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A young patient with back pain

Published:October 05, 2017DOI:https://doi.org/10.1016/j.ejim.2017.10.002
      A 25 year-old Nigerian woman, was admitted because of a 7 month lasting lumbar pain irradiated to the abdomen. She's been in Italy for 5 months. Her medical history was mute except for a malaria infection during childhood. No fever or systemic symptoms were referred, physical examination was unremarkable except for a right convex scoliosis. An abdominal ultrasound revealed a mass below the lower pole of the left kidney. An abdominal CT scan showed collapse of T12 over L1 with lytic lesions of the vertebral bodies (Fig. 1, arrow) and abscesses inside the left psoas muscle (Fig. 1, asterisks).

      1. What is the diagnosis?

      Pott's disease

      2. Discussion

      Pott's disease, or tuberculous spondylodiscitis, is a serious clinical condition described for the first time by the English surgeon Percival Pott in 1779[
      • Trecarichi E.M.
      • Di Meco E.
      • Mazzotta V.
      • Fantoni M.
      Tuberculous spondylodiscitis: epidemiology, clinical features, treatment, and outcome.
      ] and is characterized by an extrapulmonary localization of tuberculosis to the spine. Most patients show no fever or high inflammatory indexes. The most frequent complaints are back pain, lower limbs weakness and general malaise. Due to the lack of specific symptoms, diagnosis is often delayed, usually from 2 to 24 months[
      • Colmenero J.D.
      • Ruiz-Mesa J.D.
      • Sanjuan-Jimenez R.
      • Sobrino B.
      • Morata P.
      Establishing the diagnosis of tuberculous vertebral osteomyelitis.
      ]. As tuberculosis is an opportunistic infection, immunocompromised patients are particular susceptible to this disease and HIV represents the strongest risk factor[
      • Havlir D.V.
      • Getahun H.
      • Sanne I.
      • Nunn P.
      Opportunities and challenges for HIV care in overlapping HIV and TB epidemics.
      ]. Diagnosis relies on the demonstration of granulomatous lesions and can be achieved by means of a vertebral biopsy. However, it could be arduous to find vertebral lesions as healthy bone coexists alongside granulomatous lesions. In this respect, a muscle biopsy with the demonstration of alcohol-acid resistant bacteria in the abscess fluid can prove useful in establishing a definitive diagnosis. Our patient was tested for HIV but resulted negative. We also tested the fluid material from the psoas abscesses and we were able to demonstrate mycobacterial DNA in it. The patient started a four drugs therapy with rifampicin, isoniazid, ethambutol and pyrazinamide for 6 months. Moreover, the patient underwent surgery to stabilize the spine. Now she is in good clinical conditions and doesn't complain about back pain any more.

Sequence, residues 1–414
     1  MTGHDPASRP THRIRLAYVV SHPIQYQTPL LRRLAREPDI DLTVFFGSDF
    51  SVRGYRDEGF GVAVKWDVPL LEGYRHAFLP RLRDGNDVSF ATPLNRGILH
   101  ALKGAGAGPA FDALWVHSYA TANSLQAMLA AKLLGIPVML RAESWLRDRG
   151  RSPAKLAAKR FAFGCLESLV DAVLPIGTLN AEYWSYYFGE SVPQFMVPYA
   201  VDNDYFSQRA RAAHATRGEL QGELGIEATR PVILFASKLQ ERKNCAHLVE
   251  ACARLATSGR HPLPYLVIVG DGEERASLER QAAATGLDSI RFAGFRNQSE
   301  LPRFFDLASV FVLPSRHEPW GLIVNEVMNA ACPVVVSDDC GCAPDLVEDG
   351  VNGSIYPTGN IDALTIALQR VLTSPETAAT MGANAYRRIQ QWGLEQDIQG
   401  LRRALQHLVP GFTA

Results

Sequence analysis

References

        • Trecarichi E.M.
        • Di Meco E.
        • Mazzotta V.
        • Fantoni M.
        Tuberculous spondylodiscitis: epidemiology, clinical features, treatment, and outcome.
        Eur Rev Med Pharmacol Sci. 2012; 16: 58-72
        • Colmenero J.D.
        • Ruiz-Mesa J.D.
        • Sanjuan-Jimenez R.
        • Sobrino B.
        • Morata P.
        Establishing the diagnosis of tuberculous vertebral osteomyelitis.
        Eur Spine J. 2013; 22: 579-586
        • Havlir D.V.
        • Getahun H.
        • Sanne I.
        • Nunn P.
        Opportunities and challenges for HIV care in overlapping HIV and TB epidemics.
        JAMA. 2008; 300: 423-430